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What makes Vienna such a great place to live?

Amanda Previdelli
Amanda Previdelli - [email protected]
What makes Vienna such a great place to live?
Pedestrians walk through Vienna city centre. Photo: Arno Senoner on Unsplash

Vienna has again been chosen as the world's ‘most liveable’ city - and now it is also the European Capital of Democracy. What makes the city so good?

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The Viennese are certainly having a good week: the Austrian capital has once again been elected as the world's most 'liveable' city by the Mercer ranking. It's also been named the European Capital of Democracy, a title it will hold for the next two years.

What makes Vienna such an excellent place to live, and what earned it the democracy title this year?

Multifactorial advantages

"In Europe, Vienna takes the top spot as the city with the highest quality of living, known for its rich history, stunning architecture, and vibrant cultural scene", according to a Mercer press release.

The ranking also pays attention to the possibility of a good work-life balance - which Vienna, with numerous leisure offers and a strong social system, is famous for. People in Austria receive assistance when unemployed and are protected by solid work agreements, giving them minimum salaries and plenty of time off when they are in the labour market.  

READ ALSO: EXPLAINED: Why are Austrians ‘Europe’s happiest’ people?

Mercer's Quality of Living research evaluates living conditions according to 39 factors, grouped into ten categories: political and social environment, economic environment, socio-cultural environment, medical and health considerations, schools and education, public services and transportation, recreation, consumer goods, housing, and natural environment.

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This is not the only ranking to place Vienna on top this year, as the Economist Intelligence Unit also again had the Austrian capital topping its own Global Liveability Index.

Vienna had perfect EIU index scores in four of its five main indicators – stability, infrastructure, healthcare, and education.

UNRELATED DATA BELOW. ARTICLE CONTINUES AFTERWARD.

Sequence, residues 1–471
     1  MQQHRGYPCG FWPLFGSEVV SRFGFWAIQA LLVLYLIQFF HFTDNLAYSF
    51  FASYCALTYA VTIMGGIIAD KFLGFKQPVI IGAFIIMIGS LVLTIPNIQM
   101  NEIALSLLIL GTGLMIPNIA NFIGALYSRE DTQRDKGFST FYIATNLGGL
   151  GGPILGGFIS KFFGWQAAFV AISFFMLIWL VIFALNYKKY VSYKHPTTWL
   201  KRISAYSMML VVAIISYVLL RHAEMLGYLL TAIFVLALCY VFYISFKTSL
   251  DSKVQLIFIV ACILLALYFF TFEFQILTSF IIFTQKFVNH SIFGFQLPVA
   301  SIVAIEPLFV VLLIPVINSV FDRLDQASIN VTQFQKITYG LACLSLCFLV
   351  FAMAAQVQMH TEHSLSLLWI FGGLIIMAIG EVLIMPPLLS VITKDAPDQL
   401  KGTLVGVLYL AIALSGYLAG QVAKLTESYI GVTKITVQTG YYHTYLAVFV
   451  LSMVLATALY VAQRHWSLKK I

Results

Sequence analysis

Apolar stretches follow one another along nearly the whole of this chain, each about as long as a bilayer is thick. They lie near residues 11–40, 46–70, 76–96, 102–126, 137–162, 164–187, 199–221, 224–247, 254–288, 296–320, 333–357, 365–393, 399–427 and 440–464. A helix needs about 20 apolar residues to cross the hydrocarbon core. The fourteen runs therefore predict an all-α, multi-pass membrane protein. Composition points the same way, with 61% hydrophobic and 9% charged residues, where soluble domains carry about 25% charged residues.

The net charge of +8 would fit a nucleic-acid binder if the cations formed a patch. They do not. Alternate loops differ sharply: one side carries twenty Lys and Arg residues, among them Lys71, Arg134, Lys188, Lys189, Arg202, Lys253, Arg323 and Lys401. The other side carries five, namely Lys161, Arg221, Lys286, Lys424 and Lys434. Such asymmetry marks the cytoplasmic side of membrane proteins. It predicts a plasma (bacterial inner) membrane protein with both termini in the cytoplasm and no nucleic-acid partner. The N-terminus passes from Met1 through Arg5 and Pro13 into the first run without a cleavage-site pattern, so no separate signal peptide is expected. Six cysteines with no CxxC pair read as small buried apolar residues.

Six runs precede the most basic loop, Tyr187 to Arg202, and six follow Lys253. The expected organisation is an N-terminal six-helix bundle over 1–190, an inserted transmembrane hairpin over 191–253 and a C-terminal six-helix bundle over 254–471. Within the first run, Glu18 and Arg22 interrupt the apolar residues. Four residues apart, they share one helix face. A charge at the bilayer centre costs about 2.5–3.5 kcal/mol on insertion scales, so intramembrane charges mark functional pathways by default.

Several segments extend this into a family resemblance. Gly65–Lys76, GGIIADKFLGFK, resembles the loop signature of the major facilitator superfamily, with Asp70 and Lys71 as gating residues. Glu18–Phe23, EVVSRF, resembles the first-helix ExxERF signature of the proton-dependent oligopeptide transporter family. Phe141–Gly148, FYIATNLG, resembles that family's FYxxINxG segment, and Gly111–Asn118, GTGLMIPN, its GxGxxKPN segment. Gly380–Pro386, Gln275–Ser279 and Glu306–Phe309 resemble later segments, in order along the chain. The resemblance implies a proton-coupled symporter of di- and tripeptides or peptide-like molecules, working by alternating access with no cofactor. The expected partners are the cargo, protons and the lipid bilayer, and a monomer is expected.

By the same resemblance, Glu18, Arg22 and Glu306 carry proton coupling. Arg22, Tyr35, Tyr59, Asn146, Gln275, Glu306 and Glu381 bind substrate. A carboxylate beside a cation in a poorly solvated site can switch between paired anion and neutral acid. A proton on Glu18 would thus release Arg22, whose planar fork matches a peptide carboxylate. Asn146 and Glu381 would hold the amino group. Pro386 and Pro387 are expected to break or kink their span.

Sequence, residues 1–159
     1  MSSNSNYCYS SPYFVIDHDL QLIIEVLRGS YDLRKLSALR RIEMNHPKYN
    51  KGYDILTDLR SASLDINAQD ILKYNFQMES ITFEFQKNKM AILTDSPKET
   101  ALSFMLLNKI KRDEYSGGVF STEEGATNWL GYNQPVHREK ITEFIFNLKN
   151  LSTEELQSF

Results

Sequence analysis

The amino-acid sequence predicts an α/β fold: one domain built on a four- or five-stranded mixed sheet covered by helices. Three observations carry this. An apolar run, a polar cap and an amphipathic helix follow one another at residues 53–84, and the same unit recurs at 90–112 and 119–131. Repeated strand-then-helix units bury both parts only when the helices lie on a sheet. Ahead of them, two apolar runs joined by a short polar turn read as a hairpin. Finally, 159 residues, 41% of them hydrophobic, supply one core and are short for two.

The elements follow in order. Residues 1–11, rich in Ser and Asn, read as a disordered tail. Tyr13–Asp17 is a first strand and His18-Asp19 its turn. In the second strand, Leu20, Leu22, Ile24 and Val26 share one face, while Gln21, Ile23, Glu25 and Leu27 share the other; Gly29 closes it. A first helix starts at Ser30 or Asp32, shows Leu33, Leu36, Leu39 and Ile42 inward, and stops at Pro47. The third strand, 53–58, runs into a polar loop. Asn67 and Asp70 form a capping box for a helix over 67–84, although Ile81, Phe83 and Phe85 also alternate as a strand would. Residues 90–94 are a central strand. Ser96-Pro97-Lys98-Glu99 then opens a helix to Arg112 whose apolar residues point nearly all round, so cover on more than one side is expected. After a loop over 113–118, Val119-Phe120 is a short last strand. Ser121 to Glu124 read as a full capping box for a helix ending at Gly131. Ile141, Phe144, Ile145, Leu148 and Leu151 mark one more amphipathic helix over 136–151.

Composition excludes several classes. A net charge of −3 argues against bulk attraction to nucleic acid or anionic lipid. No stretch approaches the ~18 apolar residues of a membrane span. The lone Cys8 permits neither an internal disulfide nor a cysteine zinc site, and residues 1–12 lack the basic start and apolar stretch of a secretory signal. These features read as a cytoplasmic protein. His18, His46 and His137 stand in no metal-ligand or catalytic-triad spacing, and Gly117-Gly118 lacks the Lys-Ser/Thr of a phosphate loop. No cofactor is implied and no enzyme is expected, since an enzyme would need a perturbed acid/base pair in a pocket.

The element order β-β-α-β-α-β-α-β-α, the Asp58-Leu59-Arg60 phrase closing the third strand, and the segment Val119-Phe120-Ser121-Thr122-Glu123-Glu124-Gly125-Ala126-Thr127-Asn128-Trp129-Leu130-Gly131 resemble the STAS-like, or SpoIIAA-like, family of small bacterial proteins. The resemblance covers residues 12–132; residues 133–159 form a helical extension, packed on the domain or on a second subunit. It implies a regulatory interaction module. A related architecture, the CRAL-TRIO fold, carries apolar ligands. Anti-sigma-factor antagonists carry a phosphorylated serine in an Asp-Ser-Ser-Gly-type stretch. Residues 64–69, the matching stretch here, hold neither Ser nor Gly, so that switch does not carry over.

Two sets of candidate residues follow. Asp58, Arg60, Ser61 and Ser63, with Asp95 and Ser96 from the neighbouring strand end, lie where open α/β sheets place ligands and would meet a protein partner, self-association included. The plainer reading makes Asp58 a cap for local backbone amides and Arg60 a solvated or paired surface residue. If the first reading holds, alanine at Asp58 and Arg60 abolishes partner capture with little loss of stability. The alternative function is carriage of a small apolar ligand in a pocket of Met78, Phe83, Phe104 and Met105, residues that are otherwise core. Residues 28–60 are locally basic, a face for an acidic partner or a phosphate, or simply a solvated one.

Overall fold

Rathaus Park's is a go-to place every winter in Vienna. (Photo by Datingjungle on Unsplash)

The report noted this was due to Vienna’s low level of petty and violent crime, the availability of over-the-counter drugs, as well as the availability of both public and private options for healthcare and education. For infrastructure, the EIU rated Vienna as having a high-quality road network, public transport, good regional and international links, and good-quality housing.

READ ALSO: The essential articles to read if you are moving to Vienna

European Capital of Democracy

This week, the city has also been elected the "European Capital of Democracy 2024/25", a title that recognises exceptional efforts in fostering democracy, according to a press release.

Vienna will officially assume the title from the current ECoD, Barcelona, in late autumn 2024, with the trophy handover scheduled for the end of January in the Austrian capital.

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Vienna’s application centred on an expansive democratisation strategy to transform “the most livable city in the world” into the most democratic. This involves opening up administrative processes and integrating them with democratic innovations shaped by citizens’ needs and ideas, the city said. Efforts will include participatory initiatives like the “Children and Youth Million” and the “Vienna Climate Team,” which collaboratively develops measures to combat the climate crisis.

READ ALSO: Austria: Is Vienna really a 'renter's paradise'?

The city was shortlisted by an Expert'’ Jury consisting of internationally recognised people in the fields of science, civil society, art, and business. Members evaluate and assess the level of ambition, innovation, and creativity of democracy projects submitted by all applicant cities. Then, a jury of nearly 4,000 citizens from 47 countries of the Council of Europe decided to favour the Austrian capital.

“It is a wonderful honour for Vienna to be named the European Capital of Democracy 2024/25. I am proud that we were able to convince the jury of European citizens with our ideas for advancing democracy. Over the next two years, Vienna will showcase innovative projects demonstrating how social cohesion can be further strengthened through the participation of citizens,” highlighted Vienna Mayor Michael Ludwig.

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